In Detroit, voting was more mixed. Sixty-six percent of production workers and 64.5 percent of skilled-trade workers voted yes on the deal, according to UAW Local 228, which represents 1,740 hourly employees at Ford’s axle plant in Sterling Heights. Earlier this week, Ford workers at a stamping plant in Wayne, as 51.5 percent rejected the contract, according to the Detroit Free Press.

Changing Gears senior editor Micki Maynard discussed the flagging support of the Ford contract during a Wednesday evening appearance on PBS NewsHour.

“The Ford workers, I think they feel they deserve more,” she said. “Their company didn’t take a federal bailout, and it really isn’t in bad shape at all. It’s in the most profitable position of any of the car companies.”

That is reflected in the contract agreement: Ford workers are faced with a better deal than their counterparts at General Motors and Chrysler. Ford workers would receive a $6,000 signing bonus, while GM workers will receive a $5,000 bonus; Chrysler workers would receive $1,750 upon ratification and $1,750 after the company hits certain financial targets.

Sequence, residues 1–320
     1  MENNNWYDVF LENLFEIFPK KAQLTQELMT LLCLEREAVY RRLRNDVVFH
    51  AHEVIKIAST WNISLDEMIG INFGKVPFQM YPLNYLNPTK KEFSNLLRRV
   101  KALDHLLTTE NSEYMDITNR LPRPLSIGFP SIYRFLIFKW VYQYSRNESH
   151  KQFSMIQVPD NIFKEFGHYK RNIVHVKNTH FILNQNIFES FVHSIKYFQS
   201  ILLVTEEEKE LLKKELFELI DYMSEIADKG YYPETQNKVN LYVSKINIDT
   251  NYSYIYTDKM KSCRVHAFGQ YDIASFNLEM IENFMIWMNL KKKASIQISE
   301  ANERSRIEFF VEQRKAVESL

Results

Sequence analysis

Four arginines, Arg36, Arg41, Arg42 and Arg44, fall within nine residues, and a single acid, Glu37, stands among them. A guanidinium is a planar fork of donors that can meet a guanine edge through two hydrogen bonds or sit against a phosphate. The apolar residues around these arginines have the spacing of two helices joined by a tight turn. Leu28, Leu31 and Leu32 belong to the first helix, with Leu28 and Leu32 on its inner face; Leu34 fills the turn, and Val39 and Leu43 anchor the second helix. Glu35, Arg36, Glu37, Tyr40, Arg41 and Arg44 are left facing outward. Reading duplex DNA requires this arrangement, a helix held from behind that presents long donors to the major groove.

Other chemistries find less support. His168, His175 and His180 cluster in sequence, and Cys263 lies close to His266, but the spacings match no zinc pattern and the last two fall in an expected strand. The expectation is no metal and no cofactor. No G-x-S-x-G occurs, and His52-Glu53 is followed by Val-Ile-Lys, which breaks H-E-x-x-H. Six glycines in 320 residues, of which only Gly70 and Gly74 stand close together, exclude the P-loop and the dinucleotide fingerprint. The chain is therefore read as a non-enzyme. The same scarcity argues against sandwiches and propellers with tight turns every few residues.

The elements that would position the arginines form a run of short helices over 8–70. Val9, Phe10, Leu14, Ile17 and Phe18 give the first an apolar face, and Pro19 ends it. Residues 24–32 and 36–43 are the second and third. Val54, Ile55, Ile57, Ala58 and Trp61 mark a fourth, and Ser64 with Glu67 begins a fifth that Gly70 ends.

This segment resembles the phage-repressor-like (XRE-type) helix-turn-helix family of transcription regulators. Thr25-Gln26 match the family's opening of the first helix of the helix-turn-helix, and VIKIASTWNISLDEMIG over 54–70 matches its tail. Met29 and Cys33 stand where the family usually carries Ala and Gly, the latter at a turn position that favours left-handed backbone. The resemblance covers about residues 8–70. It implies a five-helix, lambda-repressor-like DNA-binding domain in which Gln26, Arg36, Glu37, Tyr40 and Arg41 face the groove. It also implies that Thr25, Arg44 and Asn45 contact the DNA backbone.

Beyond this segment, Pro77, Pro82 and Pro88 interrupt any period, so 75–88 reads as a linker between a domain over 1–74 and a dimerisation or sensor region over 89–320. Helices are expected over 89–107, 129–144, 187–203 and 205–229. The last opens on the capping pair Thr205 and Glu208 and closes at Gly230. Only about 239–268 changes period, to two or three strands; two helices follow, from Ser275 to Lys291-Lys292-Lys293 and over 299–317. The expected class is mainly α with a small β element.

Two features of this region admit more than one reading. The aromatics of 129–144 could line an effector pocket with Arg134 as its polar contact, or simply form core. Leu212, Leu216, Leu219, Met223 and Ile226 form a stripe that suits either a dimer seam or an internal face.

(Here’s a handy chart that compares the basics of the three UAW contracts, courtesy of the Free Press).

If Ford workers reject the contract Tuesday, the company could lock out workers, the union could strike or the two sides could return to the negotiating table.


Three stories making news across the Midwest today:

1. Midwest counties lead nation. Several counties in the Midwest are among the country’s biggest beneficiaries of increased employment and wages, according to new data released from the U.S. Bureau of Labor Statistics. Elkhart County in northern Indiana had the largest percentage increase in employment from March 2010 to March 2011 among the nation’s largest 322 counties, growing its workforce by 6.2 percent. Indiana’s overall employment increased 1.9 percent in the same time span. The next-largest increase belonged to Ottawa County in western Michigan, which grew at 4.7 percent. Peoria County, Illinois showed the largest year-over-year increase in average weekly wages, with a gain of 18.9 percent.